How Unions Can Protect the Workers Who Are Most Vulnerable to Automation
Automation has irrevocably changed the workplace and workers’ roles in it.
There’s no arguing that the advances in workplace automation have made — and will continue to make — many jobs obsolete. According to McKinsey researchers James Manyika, et al., by the year 2030 some 800 million workers across the globe will have lost their jobs due to automation.
“Even in the best of times, many, if not most, workers will strain to manage the coming necessary adjustments as automation and AI change or eliminate many jobs, while simultaneously creating new ones,” write Robert Maxim and Mark Muro at The Brookings Institution’s Metropolitan Policy Program.
It’s a future for which many workers are unsure how to prepare. That’s where unions have to step in and lead the charge by giving workers a roadmap for navigating such a future while holding employers accountable.
Here’s are some ways organized labor can mitigate automation’s threats to workers.
Help Ensure Access to Retraining Programs to Meet Technology Demands
Adaptation is going to be the key to survival for workers in a more-automated economy. “Unions need to figure out how to help workplaces and workers adapt to new technologies to reduce layoffs if workers are to have hope of surviving and even thriving in the face of this threat,” writes labor reporter Steven Greenhouse.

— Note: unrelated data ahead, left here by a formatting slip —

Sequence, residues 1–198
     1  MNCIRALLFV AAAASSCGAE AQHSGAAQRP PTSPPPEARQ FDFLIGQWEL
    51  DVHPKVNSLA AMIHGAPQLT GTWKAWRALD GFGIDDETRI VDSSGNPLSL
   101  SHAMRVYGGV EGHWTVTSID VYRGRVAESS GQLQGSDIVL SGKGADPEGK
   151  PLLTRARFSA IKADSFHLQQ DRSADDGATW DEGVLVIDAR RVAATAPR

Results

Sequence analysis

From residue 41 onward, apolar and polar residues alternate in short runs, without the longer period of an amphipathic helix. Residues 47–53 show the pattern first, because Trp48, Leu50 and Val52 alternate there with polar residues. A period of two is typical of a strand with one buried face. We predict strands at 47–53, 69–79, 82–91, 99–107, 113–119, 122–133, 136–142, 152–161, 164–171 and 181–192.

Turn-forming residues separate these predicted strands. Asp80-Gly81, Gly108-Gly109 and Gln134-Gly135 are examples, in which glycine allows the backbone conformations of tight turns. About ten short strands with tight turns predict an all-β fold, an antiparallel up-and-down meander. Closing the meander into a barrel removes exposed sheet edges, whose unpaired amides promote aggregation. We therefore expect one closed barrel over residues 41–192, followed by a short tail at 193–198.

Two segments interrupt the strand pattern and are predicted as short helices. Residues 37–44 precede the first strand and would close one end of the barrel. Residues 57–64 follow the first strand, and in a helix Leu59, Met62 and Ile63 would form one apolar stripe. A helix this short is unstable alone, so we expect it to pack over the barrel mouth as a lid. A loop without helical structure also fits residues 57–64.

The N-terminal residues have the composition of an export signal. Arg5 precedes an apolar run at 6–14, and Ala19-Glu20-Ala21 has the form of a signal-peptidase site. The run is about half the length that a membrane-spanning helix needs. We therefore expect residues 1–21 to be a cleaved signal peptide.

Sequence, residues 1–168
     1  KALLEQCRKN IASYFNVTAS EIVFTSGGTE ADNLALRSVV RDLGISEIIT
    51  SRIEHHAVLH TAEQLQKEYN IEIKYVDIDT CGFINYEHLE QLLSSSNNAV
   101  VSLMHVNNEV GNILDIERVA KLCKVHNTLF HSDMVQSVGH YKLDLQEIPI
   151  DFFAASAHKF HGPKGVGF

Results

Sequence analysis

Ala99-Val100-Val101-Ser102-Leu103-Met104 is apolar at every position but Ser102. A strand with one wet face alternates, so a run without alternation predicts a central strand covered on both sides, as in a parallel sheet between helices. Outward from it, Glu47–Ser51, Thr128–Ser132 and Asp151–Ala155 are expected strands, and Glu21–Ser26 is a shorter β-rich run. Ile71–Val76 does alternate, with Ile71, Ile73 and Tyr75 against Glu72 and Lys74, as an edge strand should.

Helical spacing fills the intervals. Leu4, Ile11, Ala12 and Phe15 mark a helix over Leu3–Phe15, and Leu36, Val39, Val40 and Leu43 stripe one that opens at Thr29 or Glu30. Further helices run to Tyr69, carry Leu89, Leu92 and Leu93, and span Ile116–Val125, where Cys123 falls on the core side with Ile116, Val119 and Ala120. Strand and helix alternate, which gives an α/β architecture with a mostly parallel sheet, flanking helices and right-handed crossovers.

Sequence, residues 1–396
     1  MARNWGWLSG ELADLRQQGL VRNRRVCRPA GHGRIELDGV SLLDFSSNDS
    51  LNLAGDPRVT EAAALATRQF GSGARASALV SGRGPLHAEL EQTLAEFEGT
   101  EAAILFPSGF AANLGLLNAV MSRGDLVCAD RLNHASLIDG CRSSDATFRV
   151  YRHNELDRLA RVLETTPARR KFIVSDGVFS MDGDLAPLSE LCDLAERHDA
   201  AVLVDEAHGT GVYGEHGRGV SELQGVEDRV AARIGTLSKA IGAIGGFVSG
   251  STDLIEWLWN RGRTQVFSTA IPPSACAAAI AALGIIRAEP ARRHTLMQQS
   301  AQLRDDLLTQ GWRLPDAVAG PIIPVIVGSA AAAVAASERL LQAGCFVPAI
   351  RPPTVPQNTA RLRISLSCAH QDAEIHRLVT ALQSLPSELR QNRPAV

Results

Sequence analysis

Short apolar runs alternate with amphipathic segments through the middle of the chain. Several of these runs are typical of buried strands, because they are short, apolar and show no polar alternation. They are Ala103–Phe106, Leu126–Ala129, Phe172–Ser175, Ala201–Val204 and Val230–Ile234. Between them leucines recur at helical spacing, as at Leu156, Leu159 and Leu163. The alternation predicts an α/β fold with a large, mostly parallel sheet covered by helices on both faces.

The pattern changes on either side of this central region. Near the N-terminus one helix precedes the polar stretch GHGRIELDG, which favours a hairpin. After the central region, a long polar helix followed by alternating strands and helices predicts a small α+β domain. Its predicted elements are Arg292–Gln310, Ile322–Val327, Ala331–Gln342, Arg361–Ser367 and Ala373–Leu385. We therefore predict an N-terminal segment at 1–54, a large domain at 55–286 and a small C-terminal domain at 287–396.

Most workers, either through job change or role transition, will eventually have to learn how to work side-by-side with automated machines, says Michael Chui, partner at the McKinsey Global Institute. “People increasingly, over time, will have to be complements to the work that machines do.”
For workers, this will mean reskilling for new roles and responsibilities to stay relevant in the workforce. “The people are going to require a new set of skills to maintain their ability to support themselves and have a decent quality of life,” Susan Schurman, a labor studies professor at Rutgers University, tells Bloomberg Law.
Unions are in a position to lead the way in helping workers adapt to new technologies and reskill to prepare them for successful transitions in the automated workplace, but they must work together with employers to be effective. Daniel Bustillo, director of the Healthcare Career Advancement Program, a national network of Service Employees International Unions and healthcare employers, says unions and employers both have equal responsibility to provide retraining programs to workers.
For unions, the collective bargaining agreement is the best mechanism available to push companies for employee retraining.
Include Automation in Collective Bargaining Agreements
Unions can help secure that training for workers by including language for retraining programs in collective bargaining contracts. This holds employers accountable to their workers and helps ensure that employees continue to have a place in the workforce. Unions can also collaborate with employers to facilitate the retraining programs.
That’s the approach the Culinary Workers Union Local 226 in Las Vegas took when negotiations with hotels began in 2018. The union gained a big win by securing language to protect workers when employers bring in new technologies. Some of those protections include:
- Up to six months’ notice of the adoption of new technology that could lead to layoffs and/or reduction of hours.